Tonal balance in chords
October 12, 2019
What ways are there to determine whether the notes of a chord you just played were balanced with each other.
Play the chord as a whole then release all the notes but one and listen to the sound quality and loudness of that one note. Is it in any way in keeping with the effect of all the notes sounding together. Repeat the same process for each note of the chord, I.E. playing all the notes together and then after a moment or two releasing all but that one note.
Point of view for the ear:
During this process you may hear surprising things. Some notes will be surprisingly louder than you expected from a balanced chord, and others will sound surprisingly softer than you expected. The goal is that each one be in the same ball park as the others, if not exactly equal to all the others.*
When a chord has sufficient notes to span two more more octaves, the higher pitches in the chord, depending how far they go into the treble, will be faint in comparison to the overall effect of the chord when all the notes are played. This is due to the decreasing resonance of higher pitches imposed by the general acoustics of the piano. Once you have heard the disparities, by reviewing the notes one by one, the ear and the body will automatically make adjustments to enrich the higher pitches (within the acoustic capabilities of the piano). But even a small change in the resonance of the higher notes will produce a surprising large change in the character, richness and color of the chord.
A more specific point of view for the ear: take into consideration the power of the third of the chord.
As an experiment, push the pedal down and play at a moderate speed the notes: c2 g2 c3 g3 c4 g4 c5 g5 c6 g6. In other words the root notes and fifths of a chord, that depending on the third (which has not yet made its appearance) may turn into a C Major chord or a C Minor chord. Pause for a brief moment to listen to all the notes resonating together, and then softly insinuate into the mixture of roots and fifths a single, third (e3 or e4 for example). The entire sound profile of the many notes you have played so far suddenly, within an instant, change their quality of sound, and all seem to belong to the ‘effect’ of a comprehensive major chord – just from adding a single, understated third.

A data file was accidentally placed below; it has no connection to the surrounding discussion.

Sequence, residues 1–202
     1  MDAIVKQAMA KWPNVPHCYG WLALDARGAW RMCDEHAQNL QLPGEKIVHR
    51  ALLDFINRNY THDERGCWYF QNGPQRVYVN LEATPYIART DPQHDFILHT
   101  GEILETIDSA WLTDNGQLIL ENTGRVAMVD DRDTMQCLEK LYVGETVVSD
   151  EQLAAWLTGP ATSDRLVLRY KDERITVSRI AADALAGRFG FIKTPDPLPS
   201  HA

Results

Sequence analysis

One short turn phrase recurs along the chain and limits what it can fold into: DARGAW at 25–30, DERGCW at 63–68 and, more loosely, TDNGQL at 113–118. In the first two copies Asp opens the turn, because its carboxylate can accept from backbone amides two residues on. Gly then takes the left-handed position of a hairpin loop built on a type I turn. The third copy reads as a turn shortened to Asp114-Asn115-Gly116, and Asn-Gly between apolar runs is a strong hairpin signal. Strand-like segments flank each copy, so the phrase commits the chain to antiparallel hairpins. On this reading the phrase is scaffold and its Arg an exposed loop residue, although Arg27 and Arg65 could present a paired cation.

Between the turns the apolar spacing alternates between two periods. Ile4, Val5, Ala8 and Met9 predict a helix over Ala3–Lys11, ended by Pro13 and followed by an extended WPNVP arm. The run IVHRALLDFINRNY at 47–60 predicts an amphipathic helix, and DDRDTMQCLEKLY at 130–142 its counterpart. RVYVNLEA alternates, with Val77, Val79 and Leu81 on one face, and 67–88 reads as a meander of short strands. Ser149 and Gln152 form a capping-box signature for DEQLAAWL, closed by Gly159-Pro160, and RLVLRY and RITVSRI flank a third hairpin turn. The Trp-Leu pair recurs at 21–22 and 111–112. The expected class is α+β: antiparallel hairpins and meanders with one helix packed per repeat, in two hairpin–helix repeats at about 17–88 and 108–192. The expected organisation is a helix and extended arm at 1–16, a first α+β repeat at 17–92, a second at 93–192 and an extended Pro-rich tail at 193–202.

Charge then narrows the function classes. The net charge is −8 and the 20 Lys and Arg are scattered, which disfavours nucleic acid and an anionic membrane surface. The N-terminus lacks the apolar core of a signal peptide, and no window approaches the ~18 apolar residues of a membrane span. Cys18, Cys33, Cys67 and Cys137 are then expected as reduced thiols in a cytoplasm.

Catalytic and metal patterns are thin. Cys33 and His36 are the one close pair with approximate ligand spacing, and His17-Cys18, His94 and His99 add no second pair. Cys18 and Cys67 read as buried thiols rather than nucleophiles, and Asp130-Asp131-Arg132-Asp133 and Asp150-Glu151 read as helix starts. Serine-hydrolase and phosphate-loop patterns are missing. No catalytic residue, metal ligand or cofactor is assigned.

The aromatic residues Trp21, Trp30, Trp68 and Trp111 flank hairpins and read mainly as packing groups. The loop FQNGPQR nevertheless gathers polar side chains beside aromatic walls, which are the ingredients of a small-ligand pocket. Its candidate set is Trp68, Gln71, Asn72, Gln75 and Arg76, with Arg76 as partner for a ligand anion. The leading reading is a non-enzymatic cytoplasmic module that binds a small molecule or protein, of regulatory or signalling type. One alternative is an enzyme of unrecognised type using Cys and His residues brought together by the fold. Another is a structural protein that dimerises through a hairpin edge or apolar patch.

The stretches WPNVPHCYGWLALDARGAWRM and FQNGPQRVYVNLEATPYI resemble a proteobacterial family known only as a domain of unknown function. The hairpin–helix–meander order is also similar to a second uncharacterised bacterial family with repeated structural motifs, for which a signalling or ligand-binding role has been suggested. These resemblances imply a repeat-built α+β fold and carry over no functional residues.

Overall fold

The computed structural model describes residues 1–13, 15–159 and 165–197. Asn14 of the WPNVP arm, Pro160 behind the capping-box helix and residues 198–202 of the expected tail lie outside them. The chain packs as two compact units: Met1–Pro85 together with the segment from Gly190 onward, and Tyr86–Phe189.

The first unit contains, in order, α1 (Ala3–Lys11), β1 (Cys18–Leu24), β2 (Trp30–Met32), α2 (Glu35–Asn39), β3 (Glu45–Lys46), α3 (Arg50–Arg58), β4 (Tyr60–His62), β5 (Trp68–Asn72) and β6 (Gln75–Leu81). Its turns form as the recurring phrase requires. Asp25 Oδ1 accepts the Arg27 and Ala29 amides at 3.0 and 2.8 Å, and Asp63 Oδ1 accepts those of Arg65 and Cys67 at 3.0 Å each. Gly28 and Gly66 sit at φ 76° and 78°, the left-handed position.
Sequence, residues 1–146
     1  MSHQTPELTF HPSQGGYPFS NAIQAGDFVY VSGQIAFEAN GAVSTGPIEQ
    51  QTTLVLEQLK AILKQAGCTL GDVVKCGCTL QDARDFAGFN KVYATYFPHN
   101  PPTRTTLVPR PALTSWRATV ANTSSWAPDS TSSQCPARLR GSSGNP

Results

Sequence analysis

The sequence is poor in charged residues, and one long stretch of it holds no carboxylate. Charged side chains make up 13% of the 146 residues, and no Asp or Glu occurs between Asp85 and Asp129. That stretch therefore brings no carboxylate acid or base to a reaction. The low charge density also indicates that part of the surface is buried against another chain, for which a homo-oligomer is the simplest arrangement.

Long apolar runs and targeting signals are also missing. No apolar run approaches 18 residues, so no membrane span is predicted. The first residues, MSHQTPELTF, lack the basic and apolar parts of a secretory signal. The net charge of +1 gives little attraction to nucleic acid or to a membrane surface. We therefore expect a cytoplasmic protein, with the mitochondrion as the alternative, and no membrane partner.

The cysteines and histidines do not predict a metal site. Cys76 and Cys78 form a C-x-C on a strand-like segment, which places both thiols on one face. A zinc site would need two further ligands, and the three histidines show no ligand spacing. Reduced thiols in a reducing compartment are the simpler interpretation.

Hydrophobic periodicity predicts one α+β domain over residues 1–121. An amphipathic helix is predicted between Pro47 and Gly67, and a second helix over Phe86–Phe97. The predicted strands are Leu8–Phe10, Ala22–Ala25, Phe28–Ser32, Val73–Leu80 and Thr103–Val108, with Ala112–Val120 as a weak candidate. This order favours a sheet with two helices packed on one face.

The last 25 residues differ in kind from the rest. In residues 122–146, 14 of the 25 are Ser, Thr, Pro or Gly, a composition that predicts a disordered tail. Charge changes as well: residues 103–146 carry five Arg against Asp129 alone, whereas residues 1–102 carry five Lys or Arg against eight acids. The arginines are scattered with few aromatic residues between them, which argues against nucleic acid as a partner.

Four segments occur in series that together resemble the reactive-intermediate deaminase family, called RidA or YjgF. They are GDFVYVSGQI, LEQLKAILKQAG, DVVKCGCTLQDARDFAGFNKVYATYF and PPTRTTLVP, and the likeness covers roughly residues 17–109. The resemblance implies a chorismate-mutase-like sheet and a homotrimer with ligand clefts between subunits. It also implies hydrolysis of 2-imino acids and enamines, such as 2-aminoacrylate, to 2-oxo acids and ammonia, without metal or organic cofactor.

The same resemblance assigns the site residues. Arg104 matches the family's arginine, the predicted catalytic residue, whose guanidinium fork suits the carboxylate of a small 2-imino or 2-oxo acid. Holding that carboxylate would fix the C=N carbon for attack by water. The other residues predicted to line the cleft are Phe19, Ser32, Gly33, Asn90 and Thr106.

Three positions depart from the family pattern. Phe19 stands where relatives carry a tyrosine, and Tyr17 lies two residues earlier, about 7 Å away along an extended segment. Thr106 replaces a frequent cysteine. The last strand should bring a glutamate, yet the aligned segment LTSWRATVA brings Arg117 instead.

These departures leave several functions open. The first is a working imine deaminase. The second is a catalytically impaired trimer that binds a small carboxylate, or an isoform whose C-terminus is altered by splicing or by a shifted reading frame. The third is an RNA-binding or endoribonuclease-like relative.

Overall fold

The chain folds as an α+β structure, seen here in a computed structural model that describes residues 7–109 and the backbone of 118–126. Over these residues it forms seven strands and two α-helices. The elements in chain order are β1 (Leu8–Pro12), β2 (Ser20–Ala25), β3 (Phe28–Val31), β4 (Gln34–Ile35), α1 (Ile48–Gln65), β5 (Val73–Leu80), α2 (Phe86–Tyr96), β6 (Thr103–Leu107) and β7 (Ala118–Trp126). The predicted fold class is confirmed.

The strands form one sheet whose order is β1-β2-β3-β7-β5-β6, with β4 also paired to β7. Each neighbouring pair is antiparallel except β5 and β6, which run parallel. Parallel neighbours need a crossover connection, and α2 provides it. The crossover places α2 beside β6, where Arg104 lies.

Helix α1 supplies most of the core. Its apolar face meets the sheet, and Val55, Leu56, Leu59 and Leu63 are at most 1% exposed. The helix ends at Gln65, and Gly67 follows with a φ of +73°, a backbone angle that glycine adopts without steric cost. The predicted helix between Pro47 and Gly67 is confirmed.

The same experiment can be repeated almost exactly except that the notes, the third, you enter at the end, to all the roots and fifths, is an ef3 or ef4. again, like magic, the entire panoply of sounds ‘sound’ minor and no Longer major.
Thus thirds need to be handled carefully because of their power. Too many Thirds among the roots and fifths, and the chord as a whole sounds heavy, too dense, too logy. Too few thirds, especially when those that there are are in the higher, attenuated range of the piano, and the chord lacks luster, body, and clarity as to what type of chord it is. In the former case subduing the thirds is in order. In the later case adding an extra ping to just the third in the highest range is in order so that the entire chord comes alive and shines; Its aesthetic qualities more pronounced to our aesthetic feelings.
* Unless you are aiming for a specific effect, orchestration or mood.